After watching many of the largest health insurers in America pull out of the ObamaCare exchanges, Senate Democrats recently put forward a resolution that shows their support for the creation of a “public option” for the failing program. “Even before the end of the Obama administration, Democrats are pushing a major change to Obamacare,” reported Fox News Correspondent Rich Edson on Tuesday. Even with such a major alteration to the law the “Big Three” networks were silent on the issue.
ObamaCare has obviously falling apart for years now, following the large hikes to premiums and deductibles. And according to Edson, many of the big insurance companies in the exchanges have reported losing millions of dollars:
Critics charge that even with tax subsidies to help customers pay, Obamacare insurance plans are still too expensive. Too few customers are signing up and the system, they say, is unsustainable… Democrats blame insurance companies for what they say is service to shareholders instead of patients.
In a desperate attempt to keep the program functioning and grow that size of government, they resurrected this scheme. “It's called the public option. The creation of a government-run health insurer designed to compete with private insurance companies,” Edson explained, “Democratic presidential nominee Hillary Clinton and a large group of congressional Democrats are now pushing the idea.”
Senate Democrats introduced the resolution on September 15, and the networks have yet to mentioned it at all. The networks have been largely ignoring ObamaCare’s collapse for the entire year, as the Media Research Center’s data illustrates. Data gathered during their evening news programs from January 1 to August 30 shows that ABC and NBC gave no time at all to ObamaCare’s woes, while CBS gave it two minutes, 18 seconds. So, it’s not too much of a surprise to see them ignore this major development as well.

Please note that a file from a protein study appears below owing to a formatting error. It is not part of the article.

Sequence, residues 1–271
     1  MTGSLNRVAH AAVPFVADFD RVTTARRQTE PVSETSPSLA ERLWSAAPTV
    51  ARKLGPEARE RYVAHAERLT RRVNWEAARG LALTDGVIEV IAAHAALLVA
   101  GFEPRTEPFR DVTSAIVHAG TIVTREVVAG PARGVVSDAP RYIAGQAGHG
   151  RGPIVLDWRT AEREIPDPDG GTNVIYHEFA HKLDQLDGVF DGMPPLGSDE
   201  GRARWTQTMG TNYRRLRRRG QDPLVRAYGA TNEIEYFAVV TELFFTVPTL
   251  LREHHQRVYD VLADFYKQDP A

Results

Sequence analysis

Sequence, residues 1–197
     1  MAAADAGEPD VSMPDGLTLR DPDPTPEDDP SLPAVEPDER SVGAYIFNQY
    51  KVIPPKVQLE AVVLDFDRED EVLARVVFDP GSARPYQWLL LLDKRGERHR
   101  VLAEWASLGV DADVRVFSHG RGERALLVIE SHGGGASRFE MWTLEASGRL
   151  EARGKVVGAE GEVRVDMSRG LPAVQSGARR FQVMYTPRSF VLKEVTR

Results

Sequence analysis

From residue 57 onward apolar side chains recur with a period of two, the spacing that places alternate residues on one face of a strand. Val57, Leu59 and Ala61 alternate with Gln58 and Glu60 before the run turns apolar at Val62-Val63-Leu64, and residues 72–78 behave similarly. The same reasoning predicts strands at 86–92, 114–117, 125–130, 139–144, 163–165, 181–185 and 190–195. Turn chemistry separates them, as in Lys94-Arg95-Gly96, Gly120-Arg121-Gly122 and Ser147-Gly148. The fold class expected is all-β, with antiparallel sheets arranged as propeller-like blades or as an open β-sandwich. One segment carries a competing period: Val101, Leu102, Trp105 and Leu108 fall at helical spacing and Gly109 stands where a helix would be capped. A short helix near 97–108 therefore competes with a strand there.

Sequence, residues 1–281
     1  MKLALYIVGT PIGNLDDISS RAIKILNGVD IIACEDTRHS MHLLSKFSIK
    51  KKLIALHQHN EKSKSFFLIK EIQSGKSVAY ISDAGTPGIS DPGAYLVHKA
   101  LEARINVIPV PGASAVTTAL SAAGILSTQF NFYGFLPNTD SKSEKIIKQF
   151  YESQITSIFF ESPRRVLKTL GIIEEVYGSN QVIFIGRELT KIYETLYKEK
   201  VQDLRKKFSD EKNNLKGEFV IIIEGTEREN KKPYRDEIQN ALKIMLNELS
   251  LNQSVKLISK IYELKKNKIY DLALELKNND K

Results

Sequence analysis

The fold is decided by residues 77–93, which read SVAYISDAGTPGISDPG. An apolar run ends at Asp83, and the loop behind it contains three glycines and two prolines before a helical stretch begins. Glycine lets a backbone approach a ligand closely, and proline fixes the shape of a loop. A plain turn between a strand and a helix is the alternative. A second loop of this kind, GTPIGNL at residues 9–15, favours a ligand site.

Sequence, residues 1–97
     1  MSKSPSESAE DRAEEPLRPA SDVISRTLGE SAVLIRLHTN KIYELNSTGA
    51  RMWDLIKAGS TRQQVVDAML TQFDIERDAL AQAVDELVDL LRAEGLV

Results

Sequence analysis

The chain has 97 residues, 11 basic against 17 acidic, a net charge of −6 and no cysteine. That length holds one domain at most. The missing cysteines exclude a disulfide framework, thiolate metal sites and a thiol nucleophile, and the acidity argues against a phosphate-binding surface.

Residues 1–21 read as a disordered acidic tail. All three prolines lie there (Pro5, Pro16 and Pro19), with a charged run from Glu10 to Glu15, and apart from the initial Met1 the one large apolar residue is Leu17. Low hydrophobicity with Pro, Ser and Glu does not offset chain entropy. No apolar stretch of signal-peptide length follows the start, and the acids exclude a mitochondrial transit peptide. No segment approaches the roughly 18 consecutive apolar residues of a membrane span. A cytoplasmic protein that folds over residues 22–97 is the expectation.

September 20, 2016
6:10:19 PM Eastern
BRET BAIER: Major premium increases, high deductibles and private insurers getting out. With all these problems continuing to plague the affordable care act, or Obamacare, Democrats are now suggesting another option that could turn President Obama's signature health care law into something else entirely. Correspondent Rich Edson reports.
[Cuts to video]
JOE BIDEN: The Patient Protection and Affordable Care Act is passed.
RICH EDSON: In president Obama's first year, Congress overhauled the American health care system. Even before the end of the Obama administration, Democrats are pushing a major change to Obamacare. It's called the public option. The creation of a government-run health insurer designed to compete with private insurance companies. Democratic presidential nominee Hillary Clinton and a large group of congressional Democrats are now pushing the idea.
DOUGLAS HOLTZ-EAKIN: I think we're seeing the public option come back out of desperation, quite frankly. We've seen the United Health Groups, the Aetnas of the world, withdraw from widespread participation in exchanges.
EDSON: Last month, Aetna announced it was withdrawing from 11 of the 15 states where it offers Obamacare plans. The company says it has lost hundreds of millions of dollars in Obamacare. United Healthcare and Humana have made similar announcements. Critics charge that even with tax subsidies to help customers pay, Obamacare insurance plans are still too expensive. Too few customers are signing up and the system, they say, is unsustainable. Dr. Jeffrey Barke, a supporter of Republican nominee Donald Trump, claims the law's designers intended these results.
DR. JEFFREY BARKE: I think the reality is, we had to pass this bill to watch its collapse in order for us to get to single payer government healthcare. That is the only thing that makes sense to me with this Obamacare demise death spiral as we're currently seeing.
EDSON: Democrats blame insurance companies for what they say is service to shareholders instead of patients. More than two dozen Senate Democrats joined a resolution declaring that, quote, "Giving all Americans the choice of a public non-profit health insurance option would lead to increased competition, reduced premiums, cut wasteful spending on administration, marketing, and executive pay; and ensure customers have the affordable choices they deserve."
One economist says a public option may help reduce healthcare costs though with Republicans in control of congress, he says changes to regulations to help and compel insurance companies are the most realistic ways improve Obamacare.
HENRY AARON: I think these measures would sustain competition at an adequate level within the health insurance exchanges. Over time, I think in competition can and should grow.
[Cuts back to live]
EDSON: As for President Obama on Democratic efforts to change Obamacare, he says they are improvements as he supported the public option while Congress debated the bill in 2009. He suggests in the Journal of American Medicine that Congress should also increase government subsidies for those buying Obamacare insurance. Bret?
BAIER: More on this with the panel. Rich, thank you.